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Customer Anger: can (should) we do anything about it? Professor Janet R. McColl-Kennedy Director of Research Professor of Marketing UQ Business School,

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Presentation on theme: "Customer Anger: can (should) we do anything about it? Professor Janet R. McColl-Kennedy Director of Research Professor of Marketing UQ Business School,"— Presentation transcript:

1 Customer Anger: can (should) we do anything about it? Professor Janet R. McColl-Kennedy Director of Research Professor of Marketing UQ Business School, University of Queensland 1 June 2007



4 Importance Anger is frequently experienced in our daily lives, especially at work Anger is the most commonly experienced negative emotion in service encounters. It can result in harmful and destructive behaviours. Doctors, psychologists, and other health professionals have long understood the importance of dealing with negative emotions, especially anger.

5 What we know Considerable attention has been given to the study of anger in the social psychology and organisational behaviour literatures. When individuals experience anger they exhibit a tendency to want to attack the target verbally and/or non-verbally. Often this results in non-confrontational behaviours such as exiting, boycotting, negative word of mouth, complaints to third parties as well as sabotage

6 What we know (cont) All of this has a negative impact on the organisation’s bottom line But more overt behaviours can result in verbal intimidation, damage to the organisation’s property and or its people – frontline employees, other customers and the customer themselves

7 Rationale Current conceptualisations of consumption-related negative emotions do not address extreme anger (Richins 1997) limited to “angry,” “frustrated,” “irritated” Little is known about the causes, contexts and consequences of extreme customer anger (Grove et al 2004) This needs to be examined in more depth because the stakes for organisations are high.

8 Our work Aim: to understand the psychological processes that propel some consumers to extreme anger, including rage so that employees can avoid/reduce negative consequences

9 What other studies show Theory of psychological stress and coping (Lazarus and Folkman 1984) Two key processes cognitive appraisal coping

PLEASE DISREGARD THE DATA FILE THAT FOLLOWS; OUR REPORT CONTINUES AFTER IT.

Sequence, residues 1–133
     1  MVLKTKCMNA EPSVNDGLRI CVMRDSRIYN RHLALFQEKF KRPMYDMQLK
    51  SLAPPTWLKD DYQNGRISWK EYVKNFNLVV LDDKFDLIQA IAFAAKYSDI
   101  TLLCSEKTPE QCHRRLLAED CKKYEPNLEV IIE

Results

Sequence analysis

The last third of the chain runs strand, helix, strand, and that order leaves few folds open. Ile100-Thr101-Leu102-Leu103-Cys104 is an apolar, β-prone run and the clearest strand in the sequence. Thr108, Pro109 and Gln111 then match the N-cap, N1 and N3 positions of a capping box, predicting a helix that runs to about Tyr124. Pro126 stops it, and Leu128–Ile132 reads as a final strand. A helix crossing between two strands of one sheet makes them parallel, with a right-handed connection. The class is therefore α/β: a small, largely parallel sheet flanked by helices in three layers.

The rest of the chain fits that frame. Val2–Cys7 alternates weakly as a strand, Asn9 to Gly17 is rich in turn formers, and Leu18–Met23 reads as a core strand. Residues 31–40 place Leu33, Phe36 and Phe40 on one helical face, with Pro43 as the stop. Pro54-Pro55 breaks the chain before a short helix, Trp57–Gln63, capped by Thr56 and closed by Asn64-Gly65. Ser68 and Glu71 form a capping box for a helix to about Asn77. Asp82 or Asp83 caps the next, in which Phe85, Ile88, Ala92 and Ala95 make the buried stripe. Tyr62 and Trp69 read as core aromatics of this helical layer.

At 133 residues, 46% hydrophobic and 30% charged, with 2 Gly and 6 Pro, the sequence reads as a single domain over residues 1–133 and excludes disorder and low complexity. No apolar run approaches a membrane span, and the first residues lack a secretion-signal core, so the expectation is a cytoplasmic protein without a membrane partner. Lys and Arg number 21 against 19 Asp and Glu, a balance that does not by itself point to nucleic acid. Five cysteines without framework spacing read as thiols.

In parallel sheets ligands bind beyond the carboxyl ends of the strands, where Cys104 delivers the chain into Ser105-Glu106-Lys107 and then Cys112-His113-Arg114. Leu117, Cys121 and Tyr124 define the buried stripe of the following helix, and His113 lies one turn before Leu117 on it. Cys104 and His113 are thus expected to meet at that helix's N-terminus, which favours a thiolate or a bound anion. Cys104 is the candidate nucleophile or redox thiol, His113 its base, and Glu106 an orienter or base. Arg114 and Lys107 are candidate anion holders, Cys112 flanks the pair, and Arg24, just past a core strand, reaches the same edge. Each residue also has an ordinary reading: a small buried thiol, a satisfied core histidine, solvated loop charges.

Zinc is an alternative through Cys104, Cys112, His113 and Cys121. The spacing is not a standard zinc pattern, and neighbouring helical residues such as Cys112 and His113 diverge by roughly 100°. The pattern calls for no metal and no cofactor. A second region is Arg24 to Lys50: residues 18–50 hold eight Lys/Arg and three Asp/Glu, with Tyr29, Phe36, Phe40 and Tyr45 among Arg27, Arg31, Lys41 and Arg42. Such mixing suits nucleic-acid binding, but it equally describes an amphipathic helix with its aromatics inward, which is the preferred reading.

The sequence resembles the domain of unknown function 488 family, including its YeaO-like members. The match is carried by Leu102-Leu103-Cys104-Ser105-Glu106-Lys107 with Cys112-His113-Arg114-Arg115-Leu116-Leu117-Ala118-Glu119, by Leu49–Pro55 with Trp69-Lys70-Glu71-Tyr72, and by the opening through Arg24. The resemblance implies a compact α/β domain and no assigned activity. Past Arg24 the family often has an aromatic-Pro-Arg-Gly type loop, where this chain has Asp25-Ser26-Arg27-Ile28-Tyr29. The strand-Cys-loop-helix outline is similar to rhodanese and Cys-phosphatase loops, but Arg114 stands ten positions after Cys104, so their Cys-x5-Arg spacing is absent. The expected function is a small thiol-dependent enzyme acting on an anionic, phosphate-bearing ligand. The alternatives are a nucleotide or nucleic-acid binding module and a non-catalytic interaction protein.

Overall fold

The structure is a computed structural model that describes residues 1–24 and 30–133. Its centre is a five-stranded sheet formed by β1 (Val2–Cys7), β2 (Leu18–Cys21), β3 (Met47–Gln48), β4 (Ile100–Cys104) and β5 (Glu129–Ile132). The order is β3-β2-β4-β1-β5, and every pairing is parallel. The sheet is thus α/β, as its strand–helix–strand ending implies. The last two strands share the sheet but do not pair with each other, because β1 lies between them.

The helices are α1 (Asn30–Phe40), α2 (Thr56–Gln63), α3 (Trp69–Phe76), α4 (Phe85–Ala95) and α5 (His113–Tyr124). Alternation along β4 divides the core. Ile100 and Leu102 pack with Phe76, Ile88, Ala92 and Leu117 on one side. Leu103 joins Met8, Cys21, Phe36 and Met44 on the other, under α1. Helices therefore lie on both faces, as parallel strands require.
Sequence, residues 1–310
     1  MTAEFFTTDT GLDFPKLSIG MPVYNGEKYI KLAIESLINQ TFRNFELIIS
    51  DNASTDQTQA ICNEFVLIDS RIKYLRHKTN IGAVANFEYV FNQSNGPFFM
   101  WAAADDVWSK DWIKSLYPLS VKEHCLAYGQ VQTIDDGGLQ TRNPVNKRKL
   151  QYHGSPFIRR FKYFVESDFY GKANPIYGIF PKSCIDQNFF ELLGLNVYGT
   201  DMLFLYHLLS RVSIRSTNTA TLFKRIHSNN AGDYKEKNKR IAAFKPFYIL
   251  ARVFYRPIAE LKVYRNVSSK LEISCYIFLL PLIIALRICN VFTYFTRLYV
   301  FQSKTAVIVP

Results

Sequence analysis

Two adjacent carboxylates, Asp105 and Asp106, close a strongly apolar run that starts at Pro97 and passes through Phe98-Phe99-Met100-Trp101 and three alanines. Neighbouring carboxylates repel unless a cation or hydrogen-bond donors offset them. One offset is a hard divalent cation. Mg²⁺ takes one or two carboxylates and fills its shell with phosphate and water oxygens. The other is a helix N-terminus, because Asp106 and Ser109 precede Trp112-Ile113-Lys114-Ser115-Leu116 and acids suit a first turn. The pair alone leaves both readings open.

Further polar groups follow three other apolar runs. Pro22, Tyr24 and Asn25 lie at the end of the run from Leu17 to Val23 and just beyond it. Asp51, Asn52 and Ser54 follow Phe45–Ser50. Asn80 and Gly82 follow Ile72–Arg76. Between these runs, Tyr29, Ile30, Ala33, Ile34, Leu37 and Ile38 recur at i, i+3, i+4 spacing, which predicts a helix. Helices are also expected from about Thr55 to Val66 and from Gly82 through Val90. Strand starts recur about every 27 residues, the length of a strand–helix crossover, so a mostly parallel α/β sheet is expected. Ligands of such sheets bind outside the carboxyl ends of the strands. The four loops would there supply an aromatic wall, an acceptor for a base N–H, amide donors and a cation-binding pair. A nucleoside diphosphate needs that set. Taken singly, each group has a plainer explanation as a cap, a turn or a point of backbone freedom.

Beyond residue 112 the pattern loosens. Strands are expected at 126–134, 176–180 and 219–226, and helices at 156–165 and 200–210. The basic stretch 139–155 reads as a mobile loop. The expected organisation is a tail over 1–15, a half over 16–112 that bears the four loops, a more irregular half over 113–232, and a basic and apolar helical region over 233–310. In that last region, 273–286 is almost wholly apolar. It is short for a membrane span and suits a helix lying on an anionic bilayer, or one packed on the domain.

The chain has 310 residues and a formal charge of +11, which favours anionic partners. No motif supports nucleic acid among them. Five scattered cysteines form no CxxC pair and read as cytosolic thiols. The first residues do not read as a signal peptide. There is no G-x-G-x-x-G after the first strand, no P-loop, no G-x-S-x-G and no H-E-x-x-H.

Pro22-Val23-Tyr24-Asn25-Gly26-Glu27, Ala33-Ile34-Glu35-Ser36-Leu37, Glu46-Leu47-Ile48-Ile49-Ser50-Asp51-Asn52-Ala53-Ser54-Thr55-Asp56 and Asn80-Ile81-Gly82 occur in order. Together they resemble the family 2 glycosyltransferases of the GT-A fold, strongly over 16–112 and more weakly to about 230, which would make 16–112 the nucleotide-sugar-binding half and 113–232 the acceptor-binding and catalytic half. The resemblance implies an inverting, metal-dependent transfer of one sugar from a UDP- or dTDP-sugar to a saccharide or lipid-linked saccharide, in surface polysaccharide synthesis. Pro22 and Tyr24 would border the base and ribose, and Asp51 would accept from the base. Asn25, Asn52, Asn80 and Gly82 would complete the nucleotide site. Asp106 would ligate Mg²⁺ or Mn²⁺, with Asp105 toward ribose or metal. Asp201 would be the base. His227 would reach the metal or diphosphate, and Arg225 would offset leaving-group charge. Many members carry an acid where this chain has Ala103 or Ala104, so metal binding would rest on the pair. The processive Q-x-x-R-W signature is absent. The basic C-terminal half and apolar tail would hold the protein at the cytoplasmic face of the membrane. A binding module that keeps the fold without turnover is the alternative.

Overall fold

10 What other studies show In stressful life events Cognitive appraisal individuals evaluate whether the encounter is relevant to their well- being (eg harmful/beneficial) What’s at stake Is there possible harm or threat to my values, commitments, or goals?

11 What other studies show Cognitive appraisal Goal relevance (implication for my wellbeing) Goal congruence (thwarts my goals) Ego involvement aspects of one’s self identity and self esteem

12 What other studies show Coping (what you do to tolerate/minimise a stressful encounter) Emotion focused coping Problem focused (alter the troubled environment-person)

13 Our studies Part 1 Surveys with customers and employees Part 2 depth interviews in four countries

14 Part 1 Customer Sample Customers who have experienced rage following a service failure encounter 140 student consumers in the U.S., Australia, and Thailand Employee Sample Employees who have witnessed first hand and/or been the target of a customer rage episode 83 employees from three organisations in Australia (electricity utility, bank, pharmacy chain)

15 Context Focus on customer rage triggered by a service failure on the part of an organisation Does not include rage induced by other customers Explore rage from both customer and employee perspectives

16 Method Survey Two-part questionnaires Part I - Critical-Incident-Technique-based questions requiring open-ended responses Part II – Batteries of structured questions assessing customer rage spectrum emotions, expressions, and behaviours Different versions for customers and employees Distributed to separate (unrelated) convenience samples of customer and employee respondents

17 Rage Incident Characteristics Customer Data types of organisations telecommunications, airlines, retail, banks, restaurants and cafes incident timing <1 month to 10 years (median=6 months) encounter mode 70% in person, 27 % phone, 3% on-line length of relationship with organisation <1 month to 20 years (median=12 months)

18 Rage Incident Characteristics Employee Data type of organisation 84% current org, 16% previous org incident timing <1 month to 14 years (median=6 months) encounter mode 23% in person, 77% phone, 0% on-line length of employment with organisation <1 month to 42 years (median=24 months)

19 “Kill you” “I was asked by the team leader to take an escalated call from one of the new staff. The male customer was the boyfriend of the account holder who had been advised power was going to be disconnected as account was 8 weeks overdue. Customer advised that he was going to come to XXXX and kill me. Said that if the power was cut off then he would find me and kill me. Very abusive and would not listen to advise. In the end he hung up after many abusive words.” (Electricity utility)